Habit one: Create Space

  • Lungs need space to work properly. Place the fingers of your right hand on your breastbone and your left hand underneath your belly button.
  • Slump, then gently lift your top hand and ribs away from the bottom hand without swaying your back.
  • Breathe out and relax your shoulders. This lengthens your torso and correctly activates your deep core (or ‘sucks in your lava’ as we like to say!).

Habit two: Use your base

  • Breathe in through your nose for a count of four to fill the base of your lungs without moving your breastbone.
  • When you feel air reach your lower lobes, imagine your diaphragm, which is at the base of your ribs, is an umbrella. As you breathe in, feel your bottom ribs expand at the front, sides and back.
  • Breathe out to a count of four and imagine the umbrella is slowly closing and drawing in your ribs and stomach wall. You’ll feel your stomach deflate like a soufflé. Keep your chest up. Repeat for five slow breaths.

Changing breathing habits will take time. It is a good idea to practice when stopped in the car at traffic lights, or when watching television. Once the habit is ingrained, there are positive flow-ons into training. I (Jennifer) found my running improved dramatically because I engaged my core and pelvic floor when breathing. As you breathe out, the stomach wall should draw in. If the stomach bulges or hardens or you hold your breath, the core has crashed, along with the support.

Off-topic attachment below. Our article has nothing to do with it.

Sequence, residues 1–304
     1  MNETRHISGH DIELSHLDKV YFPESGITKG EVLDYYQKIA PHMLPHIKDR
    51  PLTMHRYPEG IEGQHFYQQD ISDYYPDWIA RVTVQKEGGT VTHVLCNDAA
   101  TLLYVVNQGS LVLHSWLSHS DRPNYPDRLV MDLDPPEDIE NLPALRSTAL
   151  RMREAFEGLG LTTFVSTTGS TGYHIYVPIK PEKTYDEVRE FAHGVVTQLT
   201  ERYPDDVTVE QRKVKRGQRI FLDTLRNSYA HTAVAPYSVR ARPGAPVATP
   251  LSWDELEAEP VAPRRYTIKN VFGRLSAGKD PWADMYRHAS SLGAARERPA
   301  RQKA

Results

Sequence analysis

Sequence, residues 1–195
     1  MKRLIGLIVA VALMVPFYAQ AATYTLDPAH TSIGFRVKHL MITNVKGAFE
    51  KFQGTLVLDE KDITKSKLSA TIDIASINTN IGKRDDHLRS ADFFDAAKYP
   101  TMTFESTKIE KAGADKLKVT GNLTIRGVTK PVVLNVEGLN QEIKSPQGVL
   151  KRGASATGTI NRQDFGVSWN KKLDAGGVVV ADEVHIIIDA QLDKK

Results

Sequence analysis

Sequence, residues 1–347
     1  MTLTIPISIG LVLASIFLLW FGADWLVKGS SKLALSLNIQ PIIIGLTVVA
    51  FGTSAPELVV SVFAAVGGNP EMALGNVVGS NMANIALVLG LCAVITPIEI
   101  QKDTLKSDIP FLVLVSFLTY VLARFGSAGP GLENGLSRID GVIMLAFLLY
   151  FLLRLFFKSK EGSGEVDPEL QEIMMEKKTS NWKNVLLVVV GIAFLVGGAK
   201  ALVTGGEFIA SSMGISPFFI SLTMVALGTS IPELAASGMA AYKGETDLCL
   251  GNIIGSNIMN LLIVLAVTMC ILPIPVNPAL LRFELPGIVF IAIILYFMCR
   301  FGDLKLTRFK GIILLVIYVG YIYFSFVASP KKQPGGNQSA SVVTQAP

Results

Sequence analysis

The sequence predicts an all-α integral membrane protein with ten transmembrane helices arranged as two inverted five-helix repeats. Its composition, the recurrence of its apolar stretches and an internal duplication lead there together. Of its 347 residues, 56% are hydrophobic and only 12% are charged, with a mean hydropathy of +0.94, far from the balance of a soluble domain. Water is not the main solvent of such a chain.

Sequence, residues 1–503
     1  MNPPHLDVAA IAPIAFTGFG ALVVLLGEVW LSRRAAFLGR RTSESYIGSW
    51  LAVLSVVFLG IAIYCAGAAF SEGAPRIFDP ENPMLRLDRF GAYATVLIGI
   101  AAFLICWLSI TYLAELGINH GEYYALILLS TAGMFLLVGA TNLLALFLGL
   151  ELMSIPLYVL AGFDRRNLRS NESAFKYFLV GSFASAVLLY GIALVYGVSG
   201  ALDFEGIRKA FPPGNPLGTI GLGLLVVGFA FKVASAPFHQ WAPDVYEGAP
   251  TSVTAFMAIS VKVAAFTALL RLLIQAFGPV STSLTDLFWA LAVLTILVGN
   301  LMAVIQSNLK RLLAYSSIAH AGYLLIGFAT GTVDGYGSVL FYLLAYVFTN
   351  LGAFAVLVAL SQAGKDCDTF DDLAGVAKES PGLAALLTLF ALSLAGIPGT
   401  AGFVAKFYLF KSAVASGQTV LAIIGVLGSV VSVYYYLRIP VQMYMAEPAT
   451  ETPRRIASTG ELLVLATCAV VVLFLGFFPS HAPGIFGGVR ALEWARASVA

If you can encourage clients to get the foundations right when standing, sitting, walking and breathing, they will be able to achieve much more when undertaking more complex activities, such as exercise. The other bonus is that they will look better when their posture is aligned and feel better through boosting their confidence and activating their body’s internal elastic support. You’ll be surprised at how much your client’s progress improves when their posture is aligned and they start breathing better.

Anna-Louise and Jennifer have created The Feel Good Body: 7 steps to easing aches and looking great. Based on the latest research into posture, muscles, habits and stress, the book shows you how to change everyday bad habits into good ones. The Feel Good Body is available at all good book stores or via
www.thefeelgoodbody.com.au where you can also download the iPhone reminder app

 

Anna-Louise Bouvier
Anna-Louise is a respected physiotherapist, former Australian Fitness Network Presenter of the Year, and creator of the successful Physiocise program run at two Sydney clinics including the Sydney Football Stadium. She is an injury prevention consultant to the NSW Waratahs Super 14 Rugby Union team.


Jennifer Fleming
Jennifer was the co-author of the runaway best-seller,
Spotless, and is a successful author, radio producer and consultant with over 15 years experience working with prominent journalists and media presenters.

NETWORK • SPRING 2010
• PP 22-23